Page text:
Home Italy Plans to Hold YouTube Accountable for its Users’ Uploads (Updated)

Italy Plans to Hold YouTube Accountable for its Users’ Uploads (Updated)

The Italian government is moving ahead with its plans to hold YouTube accountable for its users’ copyright infringements. According to new regulations that have recently been proposed by the Italian government, YouTube would have to get a TV license to operate in Italy. Should Italy move ahead with this regulation, YouTube would have to follow the same rules and regulations as traditional broadcast channels. These new rules would eliminate the “safe harbor” rules that currently shield services like YouTube.

According to Nicola D’Angelo, a commissioner in Italy’s Communications Authority, these new rules would make Italy “the only Western country in which it is necessary to have prior government permission to operate this kind of service. This aspect reveals a democratic risk, regardless of who happens to be in power.”

Update: We just heard back from Google. Here is the company’s official statement, courtesy of Marco Pancini, Google’s senior policy counsel for Italy:

“When this Directive was debated at length in Brussels, it was clearly decided that user-generated video content should not be regulated in the same way as traditional TV content. If it was then people would find it far more difficult to use video sites to share their videos. So we hope that Italy does not go down a different path and start to regulate videos that people upload to the internet in the same way as they regulate TV.”

A “Mere Conduit”

As Nate Anderson notes, the EU passed an electronic commerce directive in 2000 that clearly states that whenever a service only provides a transmission service, “the service provider is not liable for the information transmitted.” The EU considers these services “mere conduits,” as long as the “do not initiate the transmission, do not select the receiver of the transmission and do not select or modify the information contained in the transmission.” The EU directive, however, leaves it up to the EU’s member states to require service providers to prevent infringement.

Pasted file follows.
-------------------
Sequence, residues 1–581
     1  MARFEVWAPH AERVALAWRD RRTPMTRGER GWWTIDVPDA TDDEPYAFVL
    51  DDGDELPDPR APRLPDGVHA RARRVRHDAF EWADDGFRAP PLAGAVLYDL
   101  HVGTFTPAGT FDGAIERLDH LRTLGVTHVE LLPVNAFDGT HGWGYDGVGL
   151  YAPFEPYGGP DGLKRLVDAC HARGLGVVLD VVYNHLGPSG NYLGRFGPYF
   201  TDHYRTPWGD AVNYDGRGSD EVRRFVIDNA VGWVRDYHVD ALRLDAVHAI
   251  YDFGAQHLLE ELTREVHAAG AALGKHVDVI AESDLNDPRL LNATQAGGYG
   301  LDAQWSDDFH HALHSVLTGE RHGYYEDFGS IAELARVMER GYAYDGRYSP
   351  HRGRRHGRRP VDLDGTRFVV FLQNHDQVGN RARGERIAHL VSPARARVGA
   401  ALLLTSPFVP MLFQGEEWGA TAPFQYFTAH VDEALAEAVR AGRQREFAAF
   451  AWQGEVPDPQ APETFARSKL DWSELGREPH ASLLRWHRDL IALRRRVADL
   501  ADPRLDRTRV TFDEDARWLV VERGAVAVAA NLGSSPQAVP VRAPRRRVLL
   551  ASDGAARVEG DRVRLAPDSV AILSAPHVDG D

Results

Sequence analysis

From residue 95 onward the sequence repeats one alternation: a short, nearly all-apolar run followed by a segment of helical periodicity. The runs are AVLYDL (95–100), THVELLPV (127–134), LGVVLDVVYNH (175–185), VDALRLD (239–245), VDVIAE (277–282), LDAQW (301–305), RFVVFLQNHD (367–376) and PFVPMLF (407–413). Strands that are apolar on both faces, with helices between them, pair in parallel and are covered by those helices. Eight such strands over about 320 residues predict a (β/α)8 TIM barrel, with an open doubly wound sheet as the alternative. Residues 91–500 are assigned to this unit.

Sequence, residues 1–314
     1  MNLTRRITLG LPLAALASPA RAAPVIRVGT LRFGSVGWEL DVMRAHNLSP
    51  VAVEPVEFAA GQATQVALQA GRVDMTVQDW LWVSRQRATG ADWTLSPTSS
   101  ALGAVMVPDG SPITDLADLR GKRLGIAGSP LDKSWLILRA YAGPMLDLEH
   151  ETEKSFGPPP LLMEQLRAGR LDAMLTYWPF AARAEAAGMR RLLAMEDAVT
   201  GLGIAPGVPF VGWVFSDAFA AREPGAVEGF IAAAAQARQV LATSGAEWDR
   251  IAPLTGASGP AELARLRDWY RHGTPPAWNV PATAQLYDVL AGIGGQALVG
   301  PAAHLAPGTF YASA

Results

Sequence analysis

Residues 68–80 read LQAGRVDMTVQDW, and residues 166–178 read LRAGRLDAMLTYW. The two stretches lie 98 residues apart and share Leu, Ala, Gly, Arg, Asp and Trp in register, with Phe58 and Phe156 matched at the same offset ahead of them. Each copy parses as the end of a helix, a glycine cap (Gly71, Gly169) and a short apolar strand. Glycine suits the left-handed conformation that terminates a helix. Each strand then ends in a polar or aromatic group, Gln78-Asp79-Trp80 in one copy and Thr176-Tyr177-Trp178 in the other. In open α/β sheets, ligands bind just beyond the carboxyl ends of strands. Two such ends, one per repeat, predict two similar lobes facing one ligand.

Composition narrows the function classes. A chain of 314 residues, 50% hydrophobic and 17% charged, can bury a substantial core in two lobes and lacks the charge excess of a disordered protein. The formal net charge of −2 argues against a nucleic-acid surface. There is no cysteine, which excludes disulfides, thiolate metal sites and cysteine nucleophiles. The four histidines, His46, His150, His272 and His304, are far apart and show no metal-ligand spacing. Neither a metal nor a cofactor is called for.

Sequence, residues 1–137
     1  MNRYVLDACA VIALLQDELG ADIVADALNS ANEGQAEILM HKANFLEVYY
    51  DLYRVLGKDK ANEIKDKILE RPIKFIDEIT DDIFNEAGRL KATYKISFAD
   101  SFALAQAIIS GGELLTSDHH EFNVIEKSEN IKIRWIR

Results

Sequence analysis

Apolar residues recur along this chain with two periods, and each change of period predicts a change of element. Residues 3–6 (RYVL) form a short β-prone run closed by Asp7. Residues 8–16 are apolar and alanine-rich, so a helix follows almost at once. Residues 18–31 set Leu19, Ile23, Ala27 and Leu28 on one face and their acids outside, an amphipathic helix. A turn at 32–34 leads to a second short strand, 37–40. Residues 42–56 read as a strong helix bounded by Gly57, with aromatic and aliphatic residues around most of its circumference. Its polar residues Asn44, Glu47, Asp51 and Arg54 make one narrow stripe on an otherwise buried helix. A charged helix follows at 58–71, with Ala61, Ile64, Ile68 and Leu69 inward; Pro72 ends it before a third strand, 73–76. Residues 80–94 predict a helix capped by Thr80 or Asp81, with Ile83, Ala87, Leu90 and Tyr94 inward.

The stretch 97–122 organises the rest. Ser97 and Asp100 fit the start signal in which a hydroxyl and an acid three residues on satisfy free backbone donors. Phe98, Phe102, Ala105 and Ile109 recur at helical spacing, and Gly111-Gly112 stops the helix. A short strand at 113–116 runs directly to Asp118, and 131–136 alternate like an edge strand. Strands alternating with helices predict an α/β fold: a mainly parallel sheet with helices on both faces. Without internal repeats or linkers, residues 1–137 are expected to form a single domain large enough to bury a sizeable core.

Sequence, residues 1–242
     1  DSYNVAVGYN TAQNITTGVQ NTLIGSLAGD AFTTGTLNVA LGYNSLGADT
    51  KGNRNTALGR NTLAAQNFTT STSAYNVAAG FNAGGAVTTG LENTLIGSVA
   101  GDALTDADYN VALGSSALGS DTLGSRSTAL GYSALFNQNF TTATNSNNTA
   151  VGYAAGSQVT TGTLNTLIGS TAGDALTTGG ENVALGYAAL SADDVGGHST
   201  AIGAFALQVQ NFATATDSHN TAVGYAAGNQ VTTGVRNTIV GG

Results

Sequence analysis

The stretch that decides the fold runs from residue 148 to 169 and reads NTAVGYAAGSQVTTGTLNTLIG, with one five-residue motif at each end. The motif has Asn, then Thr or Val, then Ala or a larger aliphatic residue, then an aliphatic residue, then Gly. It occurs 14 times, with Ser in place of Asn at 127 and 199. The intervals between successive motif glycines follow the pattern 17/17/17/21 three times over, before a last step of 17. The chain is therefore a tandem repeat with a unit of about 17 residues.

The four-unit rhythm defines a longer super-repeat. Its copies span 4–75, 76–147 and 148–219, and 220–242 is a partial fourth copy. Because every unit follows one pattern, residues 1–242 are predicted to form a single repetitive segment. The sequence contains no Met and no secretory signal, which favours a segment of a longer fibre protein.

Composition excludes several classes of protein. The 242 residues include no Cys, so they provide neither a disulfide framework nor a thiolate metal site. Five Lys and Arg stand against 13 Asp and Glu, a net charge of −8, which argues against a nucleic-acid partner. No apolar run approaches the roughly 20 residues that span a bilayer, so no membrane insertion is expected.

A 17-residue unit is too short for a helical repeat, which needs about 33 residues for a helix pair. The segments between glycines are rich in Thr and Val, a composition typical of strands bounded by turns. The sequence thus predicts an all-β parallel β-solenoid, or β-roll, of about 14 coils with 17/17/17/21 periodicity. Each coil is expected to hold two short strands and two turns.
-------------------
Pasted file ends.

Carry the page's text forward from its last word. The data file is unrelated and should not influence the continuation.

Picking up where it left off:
How Will Google React?

Should Italy’s deputy minister of communications Paolo Romani decide to forge ahead with these new regulations, Google, Yahoo, Microsoft and any other company that offers services similar to YouTube would face substantial legal risks if they continued to operate in Italy.

Google, of course, is already embroiled in a legal conflict with Italy. We asked Google for a statement about the current situation in Italy and will update this post once we hear more.

About ReadWrite’s Editorial Process

The ReadWrite Editorial policy involves closely monitoring the tech industry for major developments, new product launches, AI breakthroughs, video game releases and other newsworthy events. Editors assign relevant stories to staff writers or freelance contributors with expertise in each particular topic area. Before publication, articles go through a rigorous round of editing for accuracy, clarity, and to ensure adherence to ReadWrite's style guidelines.

Get the biggest tech headlines of the day delivered to your inbox

    By signing up, you agree to our Terms and Privacy Policy. Unsubscribe anytime.

    Tech News

    Explore the latest in tech with our Tech News. We cut through the noise for concise, relevant updates, keeping you informed about the rapidly evolving tech landscape with curated content that separates signal from noise.

    In-Depth Tech Stories

    Explore tech impact in In-Depth Stories. Narrative data journalism offers comprehensive analyses, revealing stories behind data. Understand industry trends for a deeper perspective on tech's intricate relationships with society.

    Expert Reviews

    Empower decisions with Expert Reviews, merging industry expertise and insightful analysis. Delve into tech intricacies, get the best deals, and stay ahead with our trustworthy guide to navigating the ever-changing tech market.